27-Oct (USAGOLD) — Gold remains well contained within the recent range, awaiting some impetus to breakout. Durable goods orders disappointed this morning, while initial jobless claims edged lower.
Despite the durable goods missed, the Atlanta Fed’s GDPNow model for Q3 edged higher to 2.1%, from 2.0% previously. The model anticipates a stronger net exports contribution on Q3. But again, look where the model started; above 3.5%! Even the blue chip consensus has been trending lower since early September.
We get the first official look at Q3 growth tomorrow morning. Median expectations remain at 2.5%, but I suspect there is a greater chance for a miss than a beat. If the advance GDP print is below 2.0%, we could see the long awaited breakout in the gold market as rate hike expectations get unwound.
If the Fed remains on hold, it could breath new life into the stagnant stock market. Even so, I think the Research Affiliates report that says investors should start getting used to disappointment will hold true.
“[T]he ubiquitous 60/40 U.S. portfolio has a 0% probability of achieving a 5% or greater annualized real return.” — Research Affiliates
An article in USAToday this morning reminds us that the last milestone in the stock market was DJIA 18,000, which was nearly 2-years ago! If the odds of a 5% return are zero, imagine how far off the mark many pension plans are when they’re still factoring in 7%+ returns.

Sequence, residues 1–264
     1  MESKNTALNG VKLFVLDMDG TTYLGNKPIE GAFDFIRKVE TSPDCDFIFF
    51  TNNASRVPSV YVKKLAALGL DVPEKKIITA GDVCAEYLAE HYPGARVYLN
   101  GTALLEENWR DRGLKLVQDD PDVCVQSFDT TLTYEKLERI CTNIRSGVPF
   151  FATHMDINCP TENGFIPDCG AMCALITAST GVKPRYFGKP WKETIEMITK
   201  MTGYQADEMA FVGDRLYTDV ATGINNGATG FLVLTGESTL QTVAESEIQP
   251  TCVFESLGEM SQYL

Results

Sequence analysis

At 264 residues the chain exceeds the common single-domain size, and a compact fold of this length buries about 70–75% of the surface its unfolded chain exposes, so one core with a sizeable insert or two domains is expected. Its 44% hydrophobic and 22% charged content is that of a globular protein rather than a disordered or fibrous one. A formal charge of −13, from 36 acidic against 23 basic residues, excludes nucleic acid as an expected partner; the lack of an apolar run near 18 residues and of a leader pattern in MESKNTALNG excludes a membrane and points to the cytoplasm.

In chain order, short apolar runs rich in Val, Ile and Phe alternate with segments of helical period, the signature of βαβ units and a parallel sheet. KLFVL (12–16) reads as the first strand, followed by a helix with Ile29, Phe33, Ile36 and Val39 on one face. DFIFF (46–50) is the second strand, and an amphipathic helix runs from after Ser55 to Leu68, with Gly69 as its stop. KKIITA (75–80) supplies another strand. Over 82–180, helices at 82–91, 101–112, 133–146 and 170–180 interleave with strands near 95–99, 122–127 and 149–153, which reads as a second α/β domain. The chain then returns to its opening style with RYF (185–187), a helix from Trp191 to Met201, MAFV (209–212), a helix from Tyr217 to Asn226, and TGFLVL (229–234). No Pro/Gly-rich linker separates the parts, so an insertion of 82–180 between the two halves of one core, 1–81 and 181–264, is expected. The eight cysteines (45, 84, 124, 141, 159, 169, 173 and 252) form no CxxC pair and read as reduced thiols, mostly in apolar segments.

This amounts to an increasingly dire situation for retirees and those nearing retirement age. And that dire situation extends to the broader economy as the massive surge of baby boomers reach retirement with less money than everyone expected. This will force them to live more prudently; to save more and spend less both before they retire and after, regardless of low yields. That does not bode well for an economy driven primarily by consumption.
It is widely acknowledged that including gold in one’s portfolio can improve overall performance:
“Gold can help investors manage portfolio risk. The key is the way that gold interacts with other assets. Two factors are particularly important: Low correlation with equities…gold has low correlations–lower than that of assets that are often seen as ‘diversifiers’–to stocks over long periods of time. Outperformance during crises. Gold tends to outperform other assets in periods of economic and financial turmoil. This gives investors a way to reduce risk when it is most needed.” — WGC
Now that we’re nearly a third of the way through the fourth quarter, this may be an opportune time to think about rebalancing your portfolio. Do you have any gold? If you have gold, do you have enough?